Privacy activists hit FTC over kids' rules

Privacy advocates are criticizing the Federal Trade Commission for what they call lax oversight of laws designed to protect children’s privacy.

The Center for Digital Democracy and Campaign for a Commercial-Free Childhood on Tuesday filed comments with the FTC accusing AgeCheq — a company offering a service that lets parents allow websites to collect some information about children under 13 years old — of deceiving customers and violating the law.

By not investigating the company, the groups claimed, the FTC is relinquishing its duty to protect children.

“Today’s complex ‘Big Data’ digital marketing era, where we can be tracked and targeted when we use mobile phones, apps, and social media, requires the FTC to do a better job protecting the privacy of children,” Center for Digital Democracy executive director Jeff Chester said in a statement.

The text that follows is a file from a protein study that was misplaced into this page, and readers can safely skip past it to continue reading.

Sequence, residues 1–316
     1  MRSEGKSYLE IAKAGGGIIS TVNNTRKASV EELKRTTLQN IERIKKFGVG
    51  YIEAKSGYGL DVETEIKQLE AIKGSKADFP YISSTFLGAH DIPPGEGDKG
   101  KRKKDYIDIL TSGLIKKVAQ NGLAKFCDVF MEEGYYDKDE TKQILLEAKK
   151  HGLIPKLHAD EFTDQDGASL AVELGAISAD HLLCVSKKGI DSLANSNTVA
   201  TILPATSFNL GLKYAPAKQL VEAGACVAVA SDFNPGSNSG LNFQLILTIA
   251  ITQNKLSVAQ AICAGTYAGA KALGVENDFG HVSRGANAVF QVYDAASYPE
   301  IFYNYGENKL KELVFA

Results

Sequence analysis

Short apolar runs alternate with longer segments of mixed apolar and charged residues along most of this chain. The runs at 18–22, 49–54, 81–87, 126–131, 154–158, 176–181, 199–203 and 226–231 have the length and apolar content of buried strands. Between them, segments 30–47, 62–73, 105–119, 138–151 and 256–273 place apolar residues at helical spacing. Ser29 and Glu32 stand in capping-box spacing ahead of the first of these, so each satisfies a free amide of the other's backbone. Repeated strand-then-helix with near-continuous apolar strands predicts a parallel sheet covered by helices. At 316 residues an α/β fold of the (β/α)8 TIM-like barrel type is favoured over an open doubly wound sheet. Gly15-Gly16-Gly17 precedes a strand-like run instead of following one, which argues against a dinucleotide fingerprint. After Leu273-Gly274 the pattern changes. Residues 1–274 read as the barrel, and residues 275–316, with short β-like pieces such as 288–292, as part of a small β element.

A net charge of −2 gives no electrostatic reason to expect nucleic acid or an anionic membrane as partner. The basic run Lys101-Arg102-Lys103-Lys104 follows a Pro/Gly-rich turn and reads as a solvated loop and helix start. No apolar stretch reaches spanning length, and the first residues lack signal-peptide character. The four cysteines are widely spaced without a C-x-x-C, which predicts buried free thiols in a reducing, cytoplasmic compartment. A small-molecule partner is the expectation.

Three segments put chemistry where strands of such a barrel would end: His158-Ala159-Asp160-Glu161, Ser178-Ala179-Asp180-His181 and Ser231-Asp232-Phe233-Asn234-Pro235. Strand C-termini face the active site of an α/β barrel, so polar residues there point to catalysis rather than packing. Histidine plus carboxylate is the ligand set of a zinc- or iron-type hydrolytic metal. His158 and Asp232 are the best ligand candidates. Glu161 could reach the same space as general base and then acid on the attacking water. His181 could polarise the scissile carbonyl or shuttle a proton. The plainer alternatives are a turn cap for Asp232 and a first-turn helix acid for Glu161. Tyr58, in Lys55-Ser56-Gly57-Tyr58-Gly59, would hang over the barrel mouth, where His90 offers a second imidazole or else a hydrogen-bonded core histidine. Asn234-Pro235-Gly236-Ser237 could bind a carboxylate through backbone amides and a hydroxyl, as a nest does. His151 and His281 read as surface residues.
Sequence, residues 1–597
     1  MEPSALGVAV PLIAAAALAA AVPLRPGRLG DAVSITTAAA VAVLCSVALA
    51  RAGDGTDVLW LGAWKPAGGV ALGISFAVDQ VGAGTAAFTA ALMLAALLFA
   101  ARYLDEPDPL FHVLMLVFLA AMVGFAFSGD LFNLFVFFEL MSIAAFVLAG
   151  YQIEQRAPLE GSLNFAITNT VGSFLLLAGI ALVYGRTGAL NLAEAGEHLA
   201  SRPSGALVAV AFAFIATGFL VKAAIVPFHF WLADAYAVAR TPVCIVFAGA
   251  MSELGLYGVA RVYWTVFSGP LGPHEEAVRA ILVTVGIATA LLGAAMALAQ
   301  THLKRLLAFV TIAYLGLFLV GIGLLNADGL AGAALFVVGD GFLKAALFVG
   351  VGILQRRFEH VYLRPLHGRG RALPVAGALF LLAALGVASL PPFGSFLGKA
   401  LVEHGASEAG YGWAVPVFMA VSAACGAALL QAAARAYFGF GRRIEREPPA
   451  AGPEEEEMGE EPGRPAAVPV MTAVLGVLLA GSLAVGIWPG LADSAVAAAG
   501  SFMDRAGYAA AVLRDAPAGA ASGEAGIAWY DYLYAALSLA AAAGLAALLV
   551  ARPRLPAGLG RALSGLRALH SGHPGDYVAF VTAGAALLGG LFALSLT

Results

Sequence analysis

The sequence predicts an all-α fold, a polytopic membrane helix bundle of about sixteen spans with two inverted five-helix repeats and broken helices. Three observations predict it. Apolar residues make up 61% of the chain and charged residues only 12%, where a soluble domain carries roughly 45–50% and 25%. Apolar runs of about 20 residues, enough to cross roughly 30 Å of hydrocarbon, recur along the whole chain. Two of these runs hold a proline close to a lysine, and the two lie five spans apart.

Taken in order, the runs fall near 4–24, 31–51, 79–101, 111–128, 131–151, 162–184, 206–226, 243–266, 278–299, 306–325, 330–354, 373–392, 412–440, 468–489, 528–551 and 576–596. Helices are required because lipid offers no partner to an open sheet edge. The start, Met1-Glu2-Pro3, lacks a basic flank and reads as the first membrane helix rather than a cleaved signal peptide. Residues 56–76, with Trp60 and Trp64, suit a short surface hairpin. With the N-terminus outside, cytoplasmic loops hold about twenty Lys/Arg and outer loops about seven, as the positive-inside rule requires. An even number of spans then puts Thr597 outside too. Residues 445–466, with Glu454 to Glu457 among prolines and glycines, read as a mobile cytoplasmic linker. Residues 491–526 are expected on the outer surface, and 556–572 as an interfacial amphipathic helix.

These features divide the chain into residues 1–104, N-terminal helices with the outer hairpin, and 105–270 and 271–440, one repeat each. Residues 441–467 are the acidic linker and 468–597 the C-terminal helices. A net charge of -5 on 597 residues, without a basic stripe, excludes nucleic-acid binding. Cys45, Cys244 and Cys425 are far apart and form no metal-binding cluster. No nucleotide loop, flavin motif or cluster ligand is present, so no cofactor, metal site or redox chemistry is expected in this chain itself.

“The commission is statutorily required under COPPA [the Children’s Online Privacy Protection Act] to do so, including ensuring that parents can make effective decisions about the process.”

His group, Chester added, “believes the FTC must do a better job enforcing COPPA. Otherwise it is failing to lead on privacy.”

Under COPPA, companies need to get parents’ permission before they collect any data about their children.

AgeCheq is trying to get approval for one of its services to count as a “verifiable parental consent” tool, making it easy for companies to comply with the law.

But the company advertises itself as free and comprehensive, the groups claimed, when it actually requires small charges and does not check all the boxes under the law.

That and other flaws amount to a violation of the law and unfair treatment to parents, they said.  

The FTC has placed an increased focus on children’s use of apps. It recently took action against Yelp and app developer TinyCo for illegally collecting children’s data without getting their parents’ consent.